August 1, 2022
Information Job Applicants Are Reluctant to Share During an Interview
by Mary Newgard
You are competing with another agency for the same candidate. What makes the difference between you winning or losing out on the hire? The answer for me is an exceptional interview process. 2021 taught us that the saying “the early bird gets the worm” is 100% true.
Insurance organizations with efficient hiring processes more successfully hire top talent. This starts with gathering critical information that candidates are often reluctant to share as early as possible. Below are my suggestions for how to phrase interview questions to collect the information you need.
It’s a no brainer and yet over 50% of the time when hiring managers arrive at the offer stage, they still have not asked the candidate for their compensation expectation.
Ask the question: “What is your ‘easy yes’ offer?” Now, applicants can envision the offer letter and help you fill in the details. Ask for salary, bonus (incentive and signing), PTO, benefits, additional perks, T&E, home office equipment, and start date.
2) Separation Details
With so much acquisition activity in the market, most agency executives and experienced producers are bound by employment contracts.
Ask the question: “Did you sign an employment agreement or non-compete?” Request a copy to read through the terms, earn out details, and payback clauses.
The person appears to be a local candidate, but what if two, three, or five years down the road they want to relocate? This applies to candidates of all ages, so you cannot stereotype based on total career experience.
Ask the question: “At any point do you think relocation is in your future?” Then, go on to explain what your policies and support are for employees through transfers, flexible schedules, telecommuting, or remote/work-from-home.
4) Fear of Change
A candidate willing to interview and a candidate ready to make a job change are two totally different people. Due to the prevalence of counteroffers and reneges, you need to know the applicant’s appetite for risk.
Ask the question: “Do you think you’re truly ready to leave your current employer?” Then, relate to the applicant on a personal level. We’ve all gone through job changes. Take off your hiring manager hat and become a counselor/advisor on successfully navigating a career change.
5) Less Responsibility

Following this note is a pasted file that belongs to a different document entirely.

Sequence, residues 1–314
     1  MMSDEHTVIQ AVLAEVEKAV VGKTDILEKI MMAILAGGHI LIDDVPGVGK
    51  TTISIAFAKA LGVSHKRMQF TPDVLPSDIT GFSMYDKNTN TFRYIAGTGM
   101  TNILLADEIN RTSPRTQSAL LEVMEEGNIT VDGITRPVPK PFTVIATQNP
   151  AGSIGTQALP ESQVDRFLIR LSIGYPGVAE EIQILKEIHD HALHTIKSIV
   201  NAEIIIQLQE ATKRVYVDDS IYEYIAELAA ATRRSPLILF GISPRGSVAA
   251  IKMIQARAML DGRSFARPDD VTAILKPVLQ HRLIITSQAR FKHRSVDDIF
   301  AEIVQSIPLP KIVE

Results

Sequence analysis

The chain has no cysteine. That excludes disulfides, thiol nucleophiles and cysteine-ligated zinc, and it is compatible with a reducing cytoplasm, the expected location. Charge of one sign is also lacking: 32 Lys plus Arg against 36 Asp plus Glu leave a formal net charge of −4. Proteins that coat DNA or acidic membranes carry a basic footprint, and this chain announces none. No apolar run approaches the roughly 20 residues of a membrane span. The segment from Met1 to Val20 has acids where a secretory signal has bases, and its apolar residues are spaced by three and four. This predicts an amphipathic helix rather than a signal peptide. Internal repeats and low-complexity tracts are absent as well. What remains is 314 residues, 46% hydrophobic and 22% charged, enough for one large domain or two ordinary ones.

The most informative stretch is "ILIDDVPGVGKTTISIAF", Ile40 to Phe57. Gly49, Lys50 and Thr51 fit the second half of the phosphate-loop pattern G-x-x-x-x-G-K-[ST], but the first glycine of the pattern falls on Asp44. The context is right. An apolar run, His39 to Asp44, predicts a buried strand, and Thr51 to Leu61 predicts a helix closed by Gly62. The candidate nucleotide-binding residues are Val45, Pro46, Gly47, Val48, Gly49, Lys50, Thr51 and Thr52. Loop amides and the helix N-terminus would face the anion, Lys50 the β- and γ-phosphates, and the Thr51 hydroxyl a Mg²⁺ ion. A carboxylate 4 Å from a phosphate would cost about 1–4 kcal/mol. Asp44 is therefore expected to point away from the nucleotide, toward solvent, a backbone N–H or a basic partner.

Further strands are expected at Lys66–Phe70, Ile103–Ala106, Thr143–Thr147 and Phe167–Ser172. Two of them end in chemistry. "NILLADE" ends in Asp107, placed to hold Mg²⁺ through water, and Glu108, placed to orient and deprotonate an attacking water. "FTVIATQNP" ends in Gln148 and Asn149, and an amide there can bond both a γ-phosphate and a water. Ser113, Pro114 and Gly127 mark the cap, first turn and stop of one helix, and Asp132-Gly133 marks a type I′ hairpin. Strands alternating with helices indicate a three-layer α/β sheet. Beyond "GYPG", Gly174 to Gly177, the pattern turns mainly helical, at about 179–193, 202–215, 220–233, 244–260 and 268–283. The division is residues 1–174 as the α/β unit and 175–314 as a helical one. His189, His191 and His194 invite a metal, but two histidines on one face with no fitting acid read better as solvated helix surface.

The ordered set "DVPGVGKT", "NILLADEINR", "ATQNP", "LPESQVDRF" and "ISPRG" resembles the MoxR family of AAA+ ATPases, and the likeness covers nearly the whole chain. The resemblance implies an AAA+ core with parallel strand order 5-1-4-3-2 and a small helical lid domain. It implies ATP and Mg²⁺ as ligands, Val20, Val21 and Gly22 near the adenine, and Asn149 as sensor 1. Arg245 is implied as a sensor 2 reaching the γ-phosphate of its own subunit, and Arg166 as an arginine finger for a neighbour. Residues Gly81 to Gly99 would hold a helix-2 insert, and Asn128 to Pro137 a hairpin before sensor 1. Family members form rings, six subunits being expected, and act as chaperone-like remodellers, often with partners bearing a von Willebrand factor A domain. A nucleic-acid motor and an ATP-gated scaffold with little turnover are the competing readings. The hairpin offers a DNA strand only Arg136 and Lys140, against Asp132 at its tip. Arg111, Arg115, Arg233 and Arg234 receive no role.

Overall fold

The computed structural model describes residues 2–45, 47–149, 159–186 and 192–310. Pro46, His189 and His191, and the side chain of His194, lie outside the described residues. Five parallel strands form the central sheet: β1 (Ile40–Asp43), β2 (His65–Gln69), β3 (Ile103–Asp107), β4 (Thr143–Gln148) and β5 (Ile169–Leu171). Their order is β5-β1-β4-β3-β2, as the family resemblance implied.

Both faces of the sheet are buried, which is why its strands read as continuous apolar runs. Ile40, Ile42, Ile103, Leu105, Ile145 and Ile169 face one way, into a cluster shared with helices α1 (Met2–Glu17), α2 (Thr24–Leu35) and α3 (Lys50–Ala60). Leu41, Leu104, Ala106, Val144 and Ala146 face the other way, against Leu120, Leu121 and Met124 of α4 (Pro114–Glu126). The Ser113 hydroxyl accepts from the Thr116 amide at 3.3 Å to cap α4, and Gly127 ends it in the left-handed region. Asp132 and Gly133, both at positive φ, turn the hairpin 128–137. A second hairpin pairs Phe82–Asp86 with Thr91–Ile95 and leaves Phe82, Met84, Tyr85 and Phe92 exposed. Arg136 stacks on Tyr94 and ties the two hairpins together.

When applicants say they want to find a job with less responsibility, a lot of hiring managers think the person doesn’t want to work hard. That’s the wrong assumption. Scaling back and finding more work/life balance are legitimate reasons why people start a job search.
Ask the question: “Tell me about your ideal role.” Less responsibility could mean a person is looking to leave management but would be a strong individual contributor. It could mean an account manager tried the AE role but really doesn’t think it suits them. They might be a dependent caregiver who needs flexible hours. No matter the situation, highlight how your company customizes roles and career opportunities.
6) The Family Factor
Career moves are a family affair. At a minimum candidates rely on family members as trusted advisors. More common is the impact their career has on their spouse’s job, the children’s education, mortgages, benefits, etc.
Ask the question: “Have you taken time to discuss your career goals with family and friends?” Their answer becomes an opportunity for you to: a) Live out your values as a family-first culture; b) Talk about those influencers’ fears and objections; and c) Provide solutions to help with the transition including job opportunities for their partner or timing the move with the school year.
7) Job Instability
Employment situations are fluid and change during the interview process. Often this is outside the applicant’s control.
Ask the question: “Remind me again why you are considering a new job opportunity.” This question will draw out answers related to employment status including RIF/Reorg, termination, 1099/temp instability, or pending M&A. You can use this to your advantage when reinforcing why it’s a smart choice to join your company.
“Ask the Insurance Recruiter” is a monthly column written by Mary Newgard, Partner and published in partnership with Insurance Journal Magazine. Visit Insurance Journal Magazine’s website for a complete list of previous articles. For questions and comments, email Mary at email@example.com.